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ambiano 
Member since Jan 12, 2012


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Re: “When college doesn't pay for itself

I am going to try to be as respectful as possible in expressing my point of view, becuase I understand that you are in a very frustrating financial situation that I wouldn't wish on anyone. But I feel like part of the problem is a lack of personal accountability. It seems like a lot of the things you are saying are excuses for why you are in this situation. I too am a creative person and originally planned on going to RISD in graphic arts. However, after I got in, I looked at the costs, what loans would mean, and my earning potential when I graduated (and 5 years and 10 years later) and decided that it made no sense to pay so much for an education that, while allowing me to work in the field I love, would not put me in a position to earn enough to even pay back the loans. So I went to Hendrix College on a visual arts scholarship instead and double majored in Art and History, which the intention of going to law school and continueing my art career on the side. If I could make enough money from it to support myself to the extent I wanted, then it could become a full time career. If not, I had a means of supporting myself. Now I am so thankful that I went on to law school and got a good stable job because the idea of trying to support myself (and buy a house and pay off loans and start a family) in the arts, in this economy, makes me want to panic. I still love to paint and sometimes sell a few paintings. I use my creative background in other ways every day, too. It actually helps me quite a bit in my law practice. But I guess I just don't buy into the idea that if you love something, you should pursue it as a career at all costs. Students seem to go into college with the idea that "I love music, so that is what I'll major in, and I'll find a way to get a great job in the music industry, since that is what will make me happy" without really considering the likelihood of that plan actually working out, and what it would pay, and what would happen if they can't find that job.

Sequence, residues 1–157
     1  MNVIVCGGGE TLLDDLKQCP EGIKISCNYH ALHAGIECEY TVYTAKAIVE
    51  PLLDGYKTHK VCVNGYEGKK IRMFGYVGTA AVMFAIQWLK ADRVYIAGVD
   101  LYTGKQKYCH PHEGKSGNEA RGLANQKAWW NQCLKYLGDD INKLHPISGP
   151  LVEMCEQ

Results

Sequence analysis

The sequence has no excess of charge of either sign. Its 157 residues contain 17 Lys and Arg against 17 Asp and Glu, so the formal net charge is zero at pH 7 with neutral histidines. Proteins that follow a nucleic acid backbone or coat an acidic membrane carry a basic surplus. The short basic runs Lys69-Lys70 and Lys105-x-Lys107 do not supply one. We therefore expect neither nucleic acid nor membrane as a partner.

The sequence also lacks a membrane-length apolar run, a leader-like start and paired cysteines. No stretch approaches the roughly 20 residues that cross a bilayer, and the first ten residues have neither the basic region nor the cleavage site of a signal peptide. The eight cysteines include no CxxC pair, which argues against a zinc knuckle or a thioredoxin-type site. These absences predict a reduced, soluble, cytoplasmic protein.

All I am saying is that college is an investment in your future, so you should take some time at the begining to evaluate whether it makes sense to invest more money than you will actually get in return.

9 likes, 3 dislikes
Posted by ambiano on 01/12/2012 at 9:56 AM

 

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